Mark Gross

From Wikipedia, the free encyclopedia
Jump to: navigation, search
Mark Gross in 2014

Mark Gross (born February 20, 1966) is a Baltimore-born jazz alto saxophonist of the hard bop tradition. He studied at the Berklee College of Music, graduating in 1988, then worked in the band of Lionel Hampton, performing in Five Guys Named Moe on Broadway. He has since worked with a variety of other artists, including the bands of Delfeayo Marsalis, Nat Adderley and the Dave Holland Big Band. Gross first recorded as a solo act with 1997's Preach Daddy,[1] following it up with 2000's The Riddle of the Sphinx [2] and most recently, 2013, with "Blackside".[3]

Career[edit]

Two-time Grammy award winner with the Dave Holland Big Band, Gross swings and sings with soul and rhythm along today's jazz vanguard. He constantly pushes the music forward, while staying true to the elements of the classic sound. Gross has recorded on over 40 notable jazz recording, including Grammy winning projects by the Dave Holland Big Band - 'What Goes Around' on ECM Records,[4] and 'Overtime' on Dare 2 Records. Gross has recorded 3 CDs under his own name to date. 'Preach Daddy' on King Records, 'Riddle of the Sphinx' on J Curve Records and his latest recording released in 2013 'Blackside" on Jazz Legacy Productions, (JLP). His consistently professional musicianship has led to live and recorded efforts with many of his fellow pacesetters in jazz music.

Gross has toured the world with the Mark Gross Quartet, Buster Williams, Philip Harper, Nat Adderley, Dave Holland, Mulgrew Miller, Nicholas Payton, Delfeayo Marsalis, Wynton Marsalis, Dizzy Gillespie, Nancy Wilson, Jimmy Heath, Dizzy Gillespie Alumni Big Band, Village Vanguard Jazz Orchestra, Tom Harrell Big Band, Duke Ellington Orchestra, Frank Foster and the Loud Minority, Charles Mingus Big Band, Freddie Hubbard, Donald Harrison, Mark Whitfield, Joe Dukes, Captain Jack McDuff, Joe Chambers, Neal Smith, Cyrus Chestnut, Regina Carter, Lionel Hampton, Stephon Harris, Walter Booker, Jimmy Cobb, Don Braden, Vincent Gardner, Lenora Zenzalai Helm, Marlon Saunders, SEPIA, and Jann Parker to name a few. His professional relationships with these musicians and others have been long lasting and far-reaching.

Gross has performed on Broadway several times, as well. He performed in Five Guys Named Moe (1992-1993) based on the music of Louis Jordan. Kat and the Kings (1999-2000). This musical explores the joyous sounds that were born out of oppression during the 1950s in Cape Town, South Africa; Apartheid. Mark has also added to the exciting musical that showcased music of the same title, 'Swing! (2000-2001).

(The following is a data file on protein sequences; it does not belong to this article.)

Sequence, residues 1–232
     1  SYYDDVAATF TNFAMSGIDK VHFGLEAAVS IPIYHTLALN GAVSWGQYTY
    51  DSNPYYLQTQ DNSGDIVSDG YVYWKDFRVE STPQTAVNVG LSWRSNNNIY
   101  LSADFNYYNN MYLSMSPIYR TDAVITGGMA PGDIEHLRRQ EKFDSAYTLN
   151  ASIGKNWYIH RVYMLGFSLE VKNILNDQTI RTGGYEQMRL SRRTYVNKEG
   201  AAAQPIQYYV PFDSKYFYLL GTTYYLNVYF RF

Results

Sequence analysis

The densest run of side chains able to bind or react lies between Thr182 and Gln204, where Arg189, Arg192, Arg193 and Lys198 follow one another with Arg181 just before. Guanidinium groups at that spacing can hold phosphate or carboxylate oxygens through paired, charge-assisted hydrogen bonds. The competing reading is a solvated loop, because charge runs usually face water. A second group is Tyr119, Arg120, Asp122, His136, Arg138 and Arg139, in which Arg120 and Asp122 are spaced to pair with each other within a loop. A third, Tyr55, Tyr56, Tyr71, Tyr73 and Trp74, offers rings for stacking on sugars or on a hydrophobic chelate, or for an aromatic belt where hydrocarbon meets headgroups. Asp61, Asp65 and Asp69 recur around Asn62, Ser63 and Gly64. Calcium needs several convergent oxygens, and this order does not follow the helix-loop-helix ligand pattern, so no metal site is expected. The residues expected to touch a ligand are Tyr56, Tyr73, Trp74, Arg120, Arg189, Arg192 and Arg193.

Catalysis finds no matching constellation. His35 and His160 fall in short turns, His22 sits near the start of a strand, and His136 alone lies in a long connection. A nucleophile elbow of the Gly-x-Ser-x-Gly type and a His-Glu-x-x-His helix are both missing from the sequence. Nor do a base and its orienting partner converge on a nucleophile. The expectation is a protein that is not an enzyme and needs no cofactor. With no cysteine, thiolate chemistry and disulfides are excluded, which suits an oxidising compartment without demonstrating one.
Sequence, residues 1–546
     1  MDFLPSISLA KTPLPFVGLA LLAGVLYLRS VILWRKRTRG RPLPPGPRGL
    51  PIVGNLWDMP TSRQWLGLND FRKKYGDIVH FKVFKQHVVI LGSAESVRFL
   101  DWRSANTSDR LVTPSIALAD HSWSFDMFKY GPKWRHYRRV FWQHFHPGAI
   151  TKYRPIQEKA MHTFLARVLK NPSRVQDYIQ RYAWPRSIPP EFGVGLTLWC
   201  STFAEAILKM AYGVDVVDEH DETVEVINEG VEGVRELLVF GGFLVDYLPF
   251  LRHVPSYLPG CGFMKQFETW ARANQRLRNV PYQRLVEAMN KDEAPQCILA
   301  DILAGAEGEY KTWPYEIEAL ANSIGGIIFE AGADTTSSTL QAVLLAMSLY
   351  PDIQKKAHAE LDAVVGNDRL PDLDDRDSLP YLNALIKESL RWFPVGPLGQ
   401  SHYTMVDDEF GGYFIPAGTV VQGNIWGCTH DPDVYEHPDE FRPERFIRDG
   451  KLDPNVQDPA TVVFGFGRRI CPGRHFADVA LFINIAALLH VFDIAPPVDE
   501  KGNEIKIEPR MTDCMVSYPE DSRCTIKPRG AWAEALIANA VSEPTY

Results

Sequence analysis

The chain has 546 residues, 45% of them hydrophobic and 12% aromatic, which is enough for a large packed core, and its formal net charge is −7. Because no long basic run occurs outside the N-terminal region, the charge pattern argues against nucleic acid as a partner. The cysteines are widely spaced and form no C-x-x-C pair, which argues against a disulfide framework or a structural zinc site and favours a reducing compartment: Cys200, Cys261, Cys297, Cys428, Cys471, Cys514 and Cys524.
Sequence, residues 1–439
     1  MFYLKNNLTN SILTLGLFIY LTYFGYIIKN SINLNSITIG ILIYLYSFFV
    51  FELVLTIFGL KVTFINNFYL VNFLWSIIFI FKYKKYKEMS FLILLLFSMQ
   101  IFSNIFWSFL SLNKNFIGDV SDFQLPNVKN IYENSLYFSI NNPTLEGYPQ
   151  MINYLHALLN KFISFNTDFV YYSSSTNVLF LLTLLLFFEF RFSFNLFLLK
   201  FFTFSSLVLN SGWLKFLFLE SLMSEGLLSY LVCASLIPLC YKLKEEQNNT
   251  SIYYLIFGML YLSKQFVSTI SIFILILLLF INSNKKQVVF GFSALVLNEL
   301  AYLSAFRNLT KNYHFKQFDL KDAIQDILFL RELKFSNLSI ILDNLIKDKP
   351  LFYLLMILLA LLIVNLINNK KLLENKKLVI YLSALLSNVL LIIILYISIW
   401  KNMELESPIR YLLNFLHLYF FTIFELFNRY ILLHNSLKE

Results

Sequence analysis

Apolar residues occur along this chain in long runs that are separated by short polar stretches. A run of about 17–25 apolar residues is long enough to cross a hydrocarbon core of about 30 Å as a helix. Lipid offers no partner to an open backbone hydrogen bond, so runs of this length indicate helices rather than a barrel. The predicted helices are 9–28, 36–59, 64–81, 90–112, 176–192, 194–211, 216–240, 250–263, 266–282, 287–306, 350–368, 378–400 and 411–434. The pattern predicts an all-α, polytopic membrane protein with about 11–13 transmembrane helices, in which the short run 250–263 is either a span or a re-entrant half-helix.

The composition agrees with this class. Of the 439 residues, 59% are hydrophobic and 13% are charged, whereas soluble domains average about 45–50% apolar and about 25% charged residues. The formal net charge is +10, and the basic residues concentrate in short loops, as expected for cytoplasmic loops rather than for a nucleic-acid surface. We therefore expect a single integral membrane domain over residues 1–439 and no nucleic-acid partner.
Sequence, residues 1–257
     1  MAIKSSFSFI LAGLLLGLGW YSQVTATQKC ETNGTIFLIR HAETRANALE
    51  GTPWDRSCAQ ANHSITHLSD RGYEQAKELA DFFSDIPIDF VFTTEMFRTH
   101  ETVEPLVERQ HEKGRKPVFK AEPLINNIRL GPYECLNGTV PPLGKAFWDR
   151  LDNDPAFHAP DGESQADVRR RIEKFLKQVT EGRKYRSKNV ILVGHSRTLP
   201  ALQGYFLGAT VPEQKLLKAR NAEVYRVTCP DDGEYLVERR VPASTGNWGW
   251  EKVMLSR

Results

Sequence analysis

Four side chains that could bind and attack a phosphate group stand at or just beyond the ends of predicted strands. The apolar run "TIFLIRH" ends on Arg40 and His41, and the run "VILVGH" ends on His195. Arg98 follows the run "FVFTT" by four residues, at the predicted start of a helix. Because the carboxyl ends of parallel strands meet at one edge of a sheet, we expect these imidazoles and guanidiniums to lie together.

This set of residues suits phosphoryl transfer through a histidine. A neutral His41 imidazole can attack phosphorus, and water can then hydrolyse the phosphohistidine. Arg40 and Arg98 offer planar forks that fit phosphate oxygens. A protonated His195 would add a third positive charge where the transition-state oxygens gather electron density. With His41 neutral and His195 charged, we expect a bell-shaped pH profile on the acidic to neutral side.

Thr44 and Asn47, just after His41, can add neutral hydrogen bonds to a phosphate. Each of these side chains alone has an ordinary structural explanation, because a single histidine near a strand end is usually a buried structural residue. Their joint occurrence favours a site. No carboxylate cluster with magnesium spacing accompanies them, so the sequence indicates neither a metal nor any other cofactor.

Early life[edit]

Gross credits his prolific sound to the rich appreciation for gospel music that resounded through his parent's Baltimore home.[5] Gross' father was the Pastor of his hometown church Mt. Zion C.O.G.I.C. up until his death February 1, 2007. After developing his interests in classical music at the Baltimore School for the Arts,[6] Gross studied one semester at Howard University and four years at Berklee College of Music. Gross has been consistently creating distinctive music. Berklee College of Music awarded him a Bachelor of Arts Degree in Music Performance. Two of Berklee's best professors, Joe Viola and Bill Pierce, help fine tune Gross' musicianship. Upon his graduation in 1988, Gross began his professional musical caravan in Jazz.

References[edit]

  1. ^ "Preach Daddy". 
  2. ^ Santella, Jim (June 1, 2000). "Mark Gross: Riddle Of The Sphinx". Retrieved 2011-08-09. 
  3. ^ Moten, Frank (February 5, 2013). "Mark Gross: Blackside". Retrieved 2013-01-06. 
  4. ^ Eyles, John (November 20, 2002). "The long awaited debut from bassist extraordinaire Dave Holland's big band, featuring..". Retrieved 2011-08-09. 
  5. ^ Himes, Geoffrey (July 21, 2004). "Sax and the City". The City Paper. Retrieved March 13, 2008. 
  6. ^ Himes, Geoffrey (July 21, 2004). "Sax and the City". The City Paper. Retrieved March 13, 2008. 

External links[edit]